Question about crosshairs

Discussion in 'Optics & Mounts' started by corrinavatan, Nov 30, 2010.

  1. corrinavatan

    corrinavatan New Member

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    I recently got my first scope, and I noticed something strange as I was sighting it.

    When looking at the crosshairs (Truplex) at a solid background, the crosshairs are very crisp and easy to see.

    However, looking at a busy background (such as a red/white 10 point target), the crosshairs get blurry. Now, I can still see them, but no matter how I change the focus, I can't get them crisp. However, when I shift to a blank portion of my target, they immediately get crisp again.

    Now, I'm shooting quarter-sized groupings at 75 yards (which I'm okay with as someone who hasn't really shot a gun in a few years), so I don't think it's really effecting my shooting. I was just unaware this might happen.

    Is this normal?

    Relevant information: I only have 5% of normal depth perception due to surgery I had on my eyes when I was very young. That eye surgery made me left-eye dominant, and I'm sighting through my right eye.

    Also, I'm suing this scope (the 3-9x40)
     
  2. cpttango30

    cpttango30 New Member

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    It sounds like your just going from focusing on the target to the crosshairs and back and that is why they get a little fuzzy. I focus on the target and make sure i put the crosshairs exactly where I want them. You eye problems may also have something to do with it as well. as you say you are left eye dominant and shooting out of your right eye.
     

  3. hogrider

    hogrider New Member

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    It may very well be your eye problem but I had to same thing happen with a very cheap off the wall brand scope. I finally chucked it.
     
  4. Highpower

    Highpower New Member

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    Take your scope (and rifle) outside on a clear blue day and point it at the cloudless sky. Close your eyes for several seconds and let them relax. When you open your eyes and look at the sky through your scope, the cross hairs should be dark and clearly defined. If not - adjust the eyepiece a bit. Repeat as necessary until you get a sharp, dark reticule as soon as you open your eyes.
     
  5. Snakedriver

    Snakedriver New Member

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    The rear bell on most scopes has a focus adjustment that can be adjusted so that the crosshairs are crisp at the various distances you are shooting at. Try twisting the rear bell right and left for the proper focus adjustment.

    Also, if you have an adjustable objective (A.O.) scope on the front bell of your scope, make sure that the setting agrees with the distances you are shooting at.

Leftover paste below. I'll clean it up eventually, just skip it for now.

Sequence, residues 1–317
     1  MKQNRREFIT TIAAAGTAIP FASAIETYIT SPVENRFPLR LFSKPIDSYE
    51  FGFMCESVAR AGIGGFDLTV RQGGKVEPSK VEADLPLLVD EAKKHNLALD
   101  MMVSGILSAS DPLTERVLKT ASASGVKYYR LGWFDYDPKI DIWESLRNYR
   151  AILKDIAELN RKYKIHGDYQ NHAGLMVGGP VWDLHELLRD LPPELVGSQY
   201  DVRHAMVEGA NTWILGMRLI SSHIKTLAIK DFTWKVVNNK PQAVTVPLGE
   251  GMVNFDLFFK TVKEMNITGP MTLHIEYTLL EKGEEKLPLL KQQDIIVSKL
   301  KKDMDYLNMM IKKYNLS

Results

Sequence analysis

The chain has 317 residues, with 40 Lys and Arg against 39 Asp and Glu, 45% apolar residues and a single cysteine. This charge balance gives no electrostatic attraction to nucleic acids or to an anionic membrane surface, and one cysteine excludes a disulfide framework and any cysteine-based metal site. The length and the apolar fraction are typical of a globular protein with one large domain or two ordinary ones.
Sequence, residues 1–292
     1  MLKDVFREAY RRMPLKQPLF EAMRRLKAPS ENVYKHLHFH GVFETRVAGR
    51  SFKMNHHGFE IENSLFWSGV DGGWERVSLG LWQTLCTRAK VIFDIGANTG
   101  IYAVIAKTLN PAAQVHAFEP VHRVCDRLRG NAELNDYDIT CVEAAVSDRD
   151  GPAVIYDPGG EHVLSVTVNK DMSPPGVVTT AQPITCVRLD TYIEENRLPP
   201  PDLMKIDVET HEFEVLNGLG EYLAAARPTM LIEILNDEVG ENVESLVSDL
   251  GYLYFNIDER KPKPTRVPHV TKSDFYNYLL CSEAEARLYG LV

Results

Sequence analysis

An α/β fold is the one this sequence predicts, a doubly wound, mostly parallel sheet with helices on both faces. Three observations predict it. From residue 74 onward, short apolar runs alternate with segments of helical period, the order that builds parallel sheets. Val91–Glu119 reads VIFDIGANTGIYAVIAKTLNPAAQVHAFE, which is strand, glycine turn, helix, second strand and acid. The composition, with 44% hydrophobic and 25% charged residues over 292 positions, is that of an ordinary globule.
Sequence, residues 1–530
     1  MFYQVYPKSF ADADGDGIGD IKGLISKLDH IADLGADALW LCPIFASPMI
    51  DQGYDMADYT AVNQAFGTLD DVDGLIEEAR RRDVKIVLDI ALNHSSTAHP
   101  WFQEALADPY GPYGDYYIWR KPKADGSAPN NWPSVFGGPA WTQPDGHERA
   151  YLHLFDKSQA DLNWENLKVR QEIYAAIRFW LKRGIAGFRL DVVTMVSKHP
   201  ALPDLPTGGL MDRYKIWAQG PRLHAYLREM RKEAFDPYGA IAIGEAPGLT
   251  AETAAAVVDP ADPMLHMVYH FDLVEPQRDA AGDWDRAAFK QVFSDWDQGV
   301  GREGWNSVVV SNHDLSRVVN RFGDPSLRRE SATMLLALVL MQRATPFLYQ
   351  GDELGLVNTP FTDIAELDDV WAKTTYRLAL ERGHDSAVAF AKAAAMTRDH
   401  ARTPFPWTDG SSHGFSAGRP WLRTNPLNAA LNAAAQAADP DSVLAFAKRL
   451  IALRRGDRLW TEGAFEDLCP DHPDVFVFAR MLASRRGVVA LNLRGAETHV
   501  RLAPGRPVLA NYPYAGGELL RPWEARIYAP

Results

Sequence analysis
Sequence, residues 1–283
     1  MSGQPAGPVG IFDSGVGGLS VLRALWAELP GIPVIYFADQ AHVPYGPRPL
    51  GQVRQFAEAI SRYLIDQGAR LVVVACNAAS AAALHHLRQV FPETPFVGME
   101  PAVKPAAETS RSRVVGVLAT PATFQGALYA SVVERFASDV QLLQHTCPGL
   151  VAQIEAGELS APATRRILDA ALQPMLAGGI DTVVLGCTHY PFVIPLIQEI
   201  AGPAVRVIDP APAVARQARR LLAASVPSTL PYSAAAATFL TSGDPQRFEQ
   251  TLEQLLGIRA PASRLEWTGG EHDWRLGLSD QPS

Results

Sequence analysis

It's not uncommon at all for eyesight to be a problem when using a scope. Eyeglasses and contacts can cause a bunch of complications when shooting.

    :cool:
     
  6. corrinavatan

    corrinavatan New Member

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    I have, and just did.

    Problem still exists.
     
  7. corrinavatan

    corrinavatan New Member

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    Adjusting the focus only makes it worse, not better. Even the best setting for when I look at a blank image (blank spot on the target, for example), turns to a blurred image when I look at something that is "busy". I do not have an A.O. scope, unfortunately.
     
  8. Snakedriver

    Snakedriver New Member

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    Sad to say that it may not be your eyesight, but the scope. I've thrown out scopes that were blurry without being able to get them focused. What brand are you using? Is there anyone you know that has another rifle with a scope on it that you can try to see if it's you or the scope?

    Natchez has Simmons 3X9X32 .22 Mag Scopes with A.O. on sale for $39.99 in black or silver color right now and that is an outstanding price for an excellent economy .22 scope. That's what I use on my 10/22's and they work great. Maybe Santa can swing it for you? ;)
     
    Last edited: Nov 30, 2010
  9. amoroque

    amoroque New Member

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    I think its probably what Tango described. Its like looking at one of those optical illusions.
     
  10. corrinavatan

    corrinavatan New Member

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    Actually, the scope I'm using is a Simmons 3-9x40; it's a step up from the model that you're talking about, and I got it for $45 (long, convoluted issue with Cabelas where they discounted a scope quite a bit for my trouble). It was originally an $80 scope, and they comped the scope rings.

    I don't know anybody else who shoots, that I could borrow a scope from and look through.

    I'm kinda feeling that it might just be my eye/depth perception issue. I don't plan on buying a new scope because of this, because, honestly, I don't think it's really effecting my aim. I guess I was really asking more because all of my "scope knowledge" as far as what one sees comes from Hollywood.
     
  11. cpttango30

    cpttango30 New Member

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    Your target or corsshairs are going to be a little fuzzy because they are on two different planes. the corsshairs are superimposed over the target. It should be just a little but if it is causing you to have groups that are 3 or 4" then I think it is your eye problem.

    Go to your local sporting goods store. and ask to see a few scopes. Look at some cheap ones then have then get a Leupold or Nikon Monarch or other good scope out and look through it.